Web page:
...had good collaboration with with global regulators from around the world. So and I think that's important because again, over the last ten, twelve, thirteen years, I think people have seen that you can't just be isolated in your own little country, that you've got to look beyond the borders, you've got to look to see what is happening with consumer products throughout the world, because whatever is affecting consumers in Asia or in Europe will also affect consumers in North America and Australia. So it just takes perfect sense that you collaborate, you talk, you try to come up with best practices. I know one of the challenges over the year has been harmonization of standards and I don't have an easy answer for that. I know we've provided some some sessions to talk about harmonizations and that's not an easy subject, but I think it's an important one that people are at least talking about because it shows and recognizes the need for safety standards. Some are more stringent perhaps and others, but to the extent that regulators and the industry are talking about it, I think that's an important goal and something that we try to recognize at all our conferences. So all our listeners are consumers. What we would dream part two, consumers to be on the lookout for to make sure that they acquire safe products. Well, again, I think you follow the labels, you follow the warnings. If it says it's intended for children three and above, that doesn't necessarily mean if you have a more intelligent child that's too that they can use it, because a labeling may may imply some safety issue or safety reason. And I think you have to look at the data. You have to look at what is out there with respect to a product if you're making a purchase of a children's product. I mean online reviews are rampant. You can look at the various online reviews. There are certain organizations that do rate and evaluate products for safety. So I think again, as purchases are being made, a major conservation should be safety and not only the cost but also the safety and what it can...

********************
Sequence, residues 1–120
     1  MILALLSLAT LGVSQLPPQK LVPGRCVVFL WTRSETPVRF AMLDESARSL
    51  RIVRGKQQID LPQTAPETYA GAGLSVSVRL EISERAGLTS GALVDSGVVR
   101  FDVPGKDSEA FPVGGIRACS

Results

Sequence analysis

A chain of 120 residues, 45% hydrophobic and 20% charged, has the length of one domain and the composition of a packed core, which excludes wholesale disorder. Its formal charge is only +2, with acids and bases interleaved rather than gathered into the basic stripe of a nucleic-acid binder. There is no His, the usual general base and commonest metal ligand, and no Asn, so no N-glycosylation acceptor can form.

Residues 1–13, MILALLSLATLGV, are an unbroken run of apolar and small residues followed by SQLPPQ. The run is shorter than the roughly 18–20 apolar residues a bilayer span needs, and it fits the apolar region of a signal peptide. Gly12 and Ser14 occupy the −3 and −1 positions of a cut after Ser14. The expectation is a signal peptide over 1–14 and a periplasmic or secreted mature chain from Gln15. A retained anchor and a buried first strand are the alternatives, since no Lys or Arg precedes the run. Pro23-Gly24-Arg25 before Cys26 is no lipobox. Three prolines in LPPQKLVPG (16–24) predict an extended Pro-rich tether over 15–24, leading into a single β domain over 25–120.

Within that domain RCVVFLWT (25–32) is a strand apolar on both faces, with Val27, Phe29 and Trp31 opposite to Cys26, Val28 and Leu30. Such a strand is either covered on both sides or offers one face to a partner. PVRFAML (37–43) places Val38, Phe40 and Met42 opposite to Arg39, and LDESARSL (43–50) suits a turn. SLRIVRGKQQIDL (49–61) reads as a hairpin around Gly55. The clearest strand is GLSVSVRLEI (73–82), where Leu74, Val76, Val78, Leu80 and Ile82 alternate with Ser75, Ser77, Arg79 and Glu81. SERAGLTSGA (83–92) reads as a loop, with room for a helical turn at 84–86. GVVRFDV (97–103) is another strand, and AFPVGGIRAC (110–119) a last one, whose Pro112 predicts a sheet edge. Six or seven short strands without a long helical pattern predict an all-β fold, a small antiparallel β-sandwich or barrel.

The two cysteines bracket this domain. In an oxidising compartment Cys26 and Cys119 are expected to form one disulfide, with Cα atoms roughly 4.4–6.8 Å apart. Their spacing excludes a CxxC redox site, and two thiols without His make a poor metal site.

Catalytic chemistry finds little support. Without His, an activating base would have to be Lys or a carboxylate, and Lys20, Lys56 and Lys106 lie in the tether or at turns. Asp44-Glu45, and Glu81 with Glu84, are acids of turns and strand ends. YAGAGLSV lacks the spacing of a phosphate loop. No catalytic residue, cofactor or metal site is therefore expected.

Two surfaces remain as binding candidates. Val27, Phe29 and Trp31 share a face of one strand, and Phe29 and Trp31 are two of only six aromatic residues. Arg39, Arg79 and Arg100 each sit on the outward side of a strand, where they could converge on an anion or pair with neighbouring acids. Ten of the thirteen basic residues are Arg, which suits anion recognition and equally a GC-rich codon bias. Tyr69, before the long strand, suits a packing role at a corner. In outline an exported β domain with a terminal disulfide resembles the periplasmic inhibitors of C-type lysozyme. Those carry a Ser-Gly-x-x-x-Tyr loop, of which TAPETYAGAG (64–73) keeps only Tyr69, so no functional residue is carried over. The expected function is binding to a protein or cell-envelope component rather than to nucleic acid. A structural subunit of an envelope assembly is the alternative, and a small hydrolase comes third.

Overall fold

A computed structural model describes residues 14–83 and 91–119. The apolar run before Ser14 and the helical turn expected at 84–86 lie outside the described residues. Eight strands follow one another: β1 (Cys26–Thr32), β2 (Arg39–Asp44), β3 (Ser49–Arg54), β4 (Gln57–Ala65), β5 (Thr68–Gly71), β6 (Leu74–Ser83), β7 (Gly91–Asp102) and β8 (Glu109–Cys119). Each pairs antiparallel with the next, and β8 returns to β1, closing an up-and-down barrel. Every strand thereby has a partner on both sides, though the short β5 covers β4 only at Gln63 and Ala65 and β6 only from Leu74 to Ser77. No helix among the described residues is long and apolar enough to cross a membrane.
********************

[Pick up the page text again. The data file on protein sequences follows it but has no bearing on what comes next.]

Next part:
...and can't do with respect to your own children. Being in front consumer Wi will is your best trend under the circumstances. Well, that and and you know, you have the agency, you have organization websites, whether it's CPSC or Health Canada or the European Commission. They've got a wealth of information on their websites with respective consumer products, for the most part the ones that have been recalled, but there are also some information there on how to prevent injuries. So I would a conservers to look at the regulator and websites as well and sign up formailing list. I mean I signed up for a number mailing list where I get notifications of products that are problem and at least I can pass outlong to my family that has small children. So I think that's helpful, excellent. So education being formed, seek out information. You guys are doing a tremendous job at it for so thank you for the service and really grateful for having you as a guest on our podcast. Thank you. And the only plug I like to put in is it will be on June twenty two will have a our North America product safety training workshop and it's being hosted by Amazon. So will be at Amazon and Seattle, Washington, and if you look at our website, I see phsoh Dot Org. You can find all the information that you need, but I certainly appreciate what you're doing and thank you for having me. Excellent mark. Let me repeat, your website is IICP HSO DOT org. Check out the training with Amazon. Sounds like a fascinating session. Again, thanks for all you do to promote product safety. Our guest today was Mr Mark Shung, who is the executive director of VIC FA so, and this is your host, Jasmine martual us in. Thanks for joining us. You've been listening to innovation nation. For more subscribe to the podcast in your favorite podcast player or connect with us on Linkedin. Thanks for listening. No.